In 1990, California voters grew weary of “career politicians” in the Legislature who often held office for decades with little competition and enacted the term limits initiative. Opinions differ about whether it made legislators more or less responsive to the public. Nevertheless, it radically shifted the balance of power in the legislative process and turned the institution upside down and inside out.
The public will soon learn if another reform empowering a voter-created panel of citizens, instead of the Legislature, to draw new congressional and legislative districts will end partisan gridlock. After the 2000 census, Republicans and Democrats drew maps creating “safe seats” for incumbents and their party’s successors.
There were unintended consequences. The gerrymandering of district lines widened the ideological divisions between the parties. Safe districts gave Republicans cover to oppose any tax increases in recent budget negotiations without risking re-election. The disability community knows that hard-line stances led to “cuts only” budgets that are undermining California’s health and human services safety net.
Is there hope for change? This week the California Citizens Redistricting Commission released new district maps after the 2010 census. Some analysts believe Democrats could win two or more seats in both the Assembly and Senate. If so, they would achieve the two-thirds majority needed to raise revenues and close tax loopholes without Republican votes.
Immediately afterwards, civil rights organizations filed lawsuits alleging that the maps violate Federal law by diluting the minority vote. Republicans are also seeking a referendum overturning the maps if they gather 505,000 signatures.
However, raising revenues may also be altered by Proposition 14 of 2010 that requires the top two finishers in Primary Elections to compete the General Election, regardless of party. Reformers believe that candidates will be forced to be more moderate to attract voters.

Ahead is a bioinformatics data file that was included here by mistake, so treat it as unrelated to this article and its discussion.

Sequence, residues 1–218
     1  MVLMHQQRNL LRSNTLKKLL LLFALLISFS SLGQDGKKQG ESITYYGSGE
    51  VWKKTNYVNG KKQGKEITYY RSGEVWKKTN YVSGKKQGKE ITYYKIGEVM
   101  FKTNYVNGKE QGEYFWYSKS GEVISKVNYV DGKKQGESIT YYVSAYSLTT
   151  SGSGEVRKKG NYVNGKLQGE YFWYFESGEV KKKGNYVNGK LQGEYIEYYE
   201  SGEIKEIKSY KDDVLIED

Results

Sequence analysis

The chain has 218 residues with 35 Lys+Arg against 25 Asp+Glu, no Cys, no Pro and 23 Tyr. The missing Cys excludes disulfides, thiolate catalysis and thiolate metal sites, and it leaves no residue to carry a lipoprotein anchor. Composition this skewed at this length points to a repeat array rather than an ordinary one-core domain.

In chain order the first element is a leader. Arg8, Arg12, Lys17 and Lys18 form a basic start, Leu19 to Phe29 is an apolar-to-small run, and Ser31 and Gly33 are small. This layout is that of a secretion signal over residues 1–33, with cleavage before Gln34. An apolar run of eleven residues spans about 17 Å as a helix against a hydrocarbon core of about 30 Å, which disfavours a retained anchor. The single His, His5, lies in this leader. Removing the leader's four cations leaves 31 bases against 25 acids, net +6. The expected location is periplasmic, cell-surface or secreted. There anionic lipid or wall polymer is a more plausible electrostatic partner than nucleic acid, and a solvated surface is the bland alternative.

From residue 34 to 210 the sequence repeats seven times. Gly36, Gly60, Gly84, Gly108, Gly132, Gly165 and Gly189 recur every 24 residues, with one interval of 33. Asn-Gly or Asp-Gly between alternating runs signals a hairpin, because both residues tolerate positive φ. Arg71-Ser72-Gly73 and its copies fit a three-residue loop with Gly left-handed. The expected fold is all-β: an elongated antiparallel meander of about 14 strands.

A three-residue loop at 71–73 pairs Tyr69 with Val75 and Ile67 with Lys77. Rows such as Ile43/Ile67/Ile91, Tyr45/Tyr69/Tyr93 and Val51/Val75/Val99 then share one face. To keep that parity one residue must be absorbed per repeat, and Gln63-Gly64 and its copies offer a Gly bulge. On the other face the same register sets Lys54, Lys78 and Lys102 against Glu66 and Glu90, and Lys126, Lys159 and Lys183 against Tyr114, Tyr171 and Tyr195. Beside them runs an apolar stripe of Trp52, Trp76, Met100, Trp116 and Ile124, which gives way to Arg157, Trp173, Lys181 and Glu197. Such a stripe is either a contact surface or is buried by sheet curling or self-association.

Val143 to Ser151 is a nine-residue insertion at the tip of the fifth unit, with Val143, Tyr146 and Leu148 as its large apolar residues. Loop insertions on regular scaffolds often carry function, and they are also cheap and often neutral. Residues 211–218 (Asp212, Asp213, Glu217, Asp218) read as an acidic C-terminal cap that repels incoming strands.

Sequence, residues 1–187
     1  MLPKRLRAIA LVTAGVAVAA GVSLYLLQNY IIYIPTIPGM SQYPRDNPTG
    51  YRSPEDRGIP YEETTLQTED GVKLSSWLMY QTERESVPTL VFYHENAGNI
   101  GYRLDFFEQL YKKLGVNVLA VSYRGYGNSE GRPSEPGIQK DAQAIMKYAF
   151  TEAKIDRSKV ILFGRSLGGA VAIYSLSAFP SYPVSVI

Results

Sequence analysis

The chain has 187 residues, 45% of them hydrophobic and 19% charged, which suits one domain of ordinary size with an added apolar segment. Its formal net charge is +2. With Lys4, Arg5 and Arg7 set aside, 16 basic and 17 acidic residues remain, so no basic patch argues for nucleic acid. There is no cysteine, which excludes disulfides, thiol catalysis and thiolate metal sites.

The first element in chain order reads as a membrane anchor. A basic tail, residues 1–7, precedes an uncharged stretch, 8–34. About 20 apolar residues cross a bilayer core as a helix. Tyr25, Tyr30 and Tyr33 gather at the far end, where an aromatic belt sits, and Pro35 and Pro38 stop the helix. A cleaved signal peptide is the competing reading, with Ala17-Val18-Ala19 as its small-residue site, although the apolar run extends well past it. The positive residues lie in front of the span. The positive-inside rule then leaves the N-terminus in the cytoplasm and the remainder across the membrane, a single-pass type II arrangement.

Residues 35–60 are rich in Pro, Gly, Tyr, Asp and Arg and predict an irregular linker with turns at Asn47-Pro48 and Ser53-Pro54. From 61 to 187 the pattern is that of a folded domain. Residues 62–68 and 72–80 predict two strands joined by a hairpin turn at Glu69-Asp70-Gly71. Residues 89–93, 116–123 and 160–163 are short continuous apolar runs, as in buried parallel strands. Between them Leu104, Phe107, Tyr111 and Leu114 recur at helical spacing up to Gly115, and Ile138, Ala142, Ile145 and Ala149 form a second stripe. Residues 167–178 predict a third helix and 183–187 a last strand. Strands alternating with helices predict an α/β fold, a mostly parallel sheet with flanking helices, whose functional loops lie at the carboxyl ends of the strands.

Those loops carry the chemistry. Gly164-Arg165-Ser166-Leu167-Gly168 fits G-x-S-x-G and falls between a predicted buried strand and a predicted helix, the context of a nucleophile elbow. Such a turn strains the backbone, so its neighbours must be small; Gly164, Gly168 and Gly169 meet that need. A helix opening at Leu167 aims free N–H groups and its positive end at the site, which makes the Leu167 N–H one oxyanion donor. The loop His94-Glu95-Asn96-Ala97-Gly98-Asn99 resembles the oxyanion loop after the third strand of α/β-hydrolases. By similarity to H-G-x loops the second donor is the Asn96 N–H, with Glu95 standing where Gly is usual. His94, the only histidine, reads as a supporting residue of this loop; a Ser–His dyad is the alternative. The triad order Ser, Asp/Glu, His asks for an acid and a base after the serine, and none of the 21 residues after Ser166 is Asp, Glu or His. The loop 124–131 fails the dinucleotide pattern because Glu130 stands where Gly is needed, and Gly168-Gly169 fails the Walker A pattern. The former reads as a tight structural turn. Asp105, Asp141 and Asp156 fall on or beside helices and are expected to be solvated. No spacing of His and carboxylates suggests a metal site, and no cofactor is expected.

So, there are uncertainties whether a Democratic super-majority gives the disability community hope that future budgets could include revenues to offset cuts. Voter initiatives often produce unexpected outcomes, as evidenced by the lack of experienced legislators and cohesive leadership term limits caused.
It’s likely that Republicans will mobilize their base and entice Independents to support maintaining the same “no taxes” stance. If both candidates in a runoff are moderates, they could also waver on tax increases out of fear losing votes.
Moreover, the post-election results of President Obama’s ambitious campaign promises for reform shows that “HOPE” alone does not produce change. The disability community must launch aggressive voter registration, education, and election day turnout campaigns.
We must convince the public that independent living achieves costs savings reducing states costs. Equally important is the message that protecting the health and well being of our neighbors and communities reflects the best qualities of American society.
Our fragile economy makes this a challenge. People still expect government services, but don’t want any more taxes. Yet, they need to understand it just doesn’t work that way in the real world.